Suppose a 4 team conference, {A, B, C, D} with each pair of teams {(A,B), (A,C), (A,D), (B,C), (B,D), (C,D)} playing once. If D loses all of its games, and A beats B, B beats C and C beats A, then A, B & C all have W/L records of 2-1 & D has a W/L record of 0-3. A, B & C each has a winning (conference) season, and unless there have been some developments in basic arithmetic since my time in elementary school a half-century ago, 3 is more than one-half of 4.

      1. Right, I misread a page for tickets that only listed 10. Still less than our 28, so a lot less cost.

  9. Fair enough; it's like gerrymandering a party's voters into a few districts where they predominate. All the losing could be loaded onto a couple of schlemiel schools. I should have said the fraction of teams in the upper division would still be half.
    More important, though, if all the PAC12 schools got serious about football, and doubled what they spend on it, the number of champions would not increase at all. I suppose the fans could have twice as much fun watching, but I bet not.

    1. "… the fraction of teams in the upper division would still be half"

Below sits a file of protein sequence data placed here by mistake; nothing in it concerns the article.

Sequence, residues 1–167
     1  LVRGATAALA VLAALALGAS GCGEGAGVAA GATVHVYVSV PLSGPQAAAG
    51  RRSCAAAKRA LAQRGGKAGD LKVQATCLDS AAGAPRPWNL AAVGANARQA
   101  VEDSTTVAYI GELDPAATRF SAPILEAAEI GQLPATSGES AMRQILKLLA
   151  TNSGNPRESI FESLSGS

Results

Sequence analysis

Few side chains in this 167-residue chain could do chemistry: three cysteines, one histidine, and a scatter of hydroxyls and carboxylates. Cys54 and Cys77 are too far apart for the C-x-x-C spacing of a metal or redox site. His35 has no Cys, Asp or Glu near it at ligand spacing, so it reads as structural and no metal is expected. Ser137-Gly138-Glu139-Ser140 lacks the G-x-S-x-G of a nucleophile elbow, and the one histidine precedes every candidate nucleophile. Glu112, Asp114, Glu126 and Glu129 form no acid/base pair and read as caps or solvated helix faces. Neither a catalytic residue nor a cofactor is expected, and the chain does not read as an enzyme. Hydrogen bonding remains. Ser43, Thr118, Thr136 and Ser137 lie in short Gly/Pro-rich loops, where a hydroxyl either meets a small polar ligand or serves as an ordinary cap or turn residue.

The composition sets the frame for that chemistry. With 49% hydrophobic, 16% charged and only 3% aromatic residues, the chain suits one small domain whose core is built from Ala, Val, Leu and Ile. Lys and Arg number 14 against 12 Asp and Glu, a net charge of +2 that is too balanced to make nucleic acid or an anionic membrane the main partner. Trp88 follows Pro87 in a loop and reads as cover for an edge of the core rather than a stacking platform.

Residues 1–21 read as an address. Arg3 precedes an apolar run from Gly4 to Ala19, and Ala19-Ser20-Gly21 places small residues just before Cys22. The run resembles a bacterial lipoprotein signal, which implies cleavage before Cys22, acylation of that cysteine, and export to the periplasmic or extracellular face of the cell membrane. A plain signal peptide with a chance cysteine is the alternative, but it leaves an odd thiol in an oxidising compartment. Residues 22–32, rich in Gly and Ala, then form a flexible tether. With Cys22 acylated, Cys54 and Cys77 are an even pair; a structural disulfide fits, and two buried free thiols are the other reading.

Combining (further) pedantry &/or pettifoggery with a (petty) victory dance (for what is an online comments section for if not that?): suppose there were an odd number of teams in the conference?* In that case, the fraction in each division approaches half only asymptotically, i.e., as N, the number of teams in the conference, approaches infinite.

      "All the losing could be loaded onto a couple of schlemiel schools." I have not looked at the record over the last few years, but my sense from your posts about UCB athletics over the years is that this may be the designated role of UCB.

      More seriously: "[I]t's like gerrymandering a party's voters into a few districts where they predominate." I believe that this is one of the main reasons for non-conference games, i.e., to allow weaker teams in a conference to end the season with (apparently) respectable records. A second, of course, is to help teams get in shape before the conference begins or (occasionally, depending on the sport) to stay in shape during that season; and a final one, for much weaker underdog teams in non-conference games, is to earn some money for the program by playing the role of punching bag.

      *& to extend the pedantic pettifoggery, some googling suggests to me that the proper terminology refers to first and second divisions, not upper and lower: https://en.wikipedia.org/wiki/First_division_(bas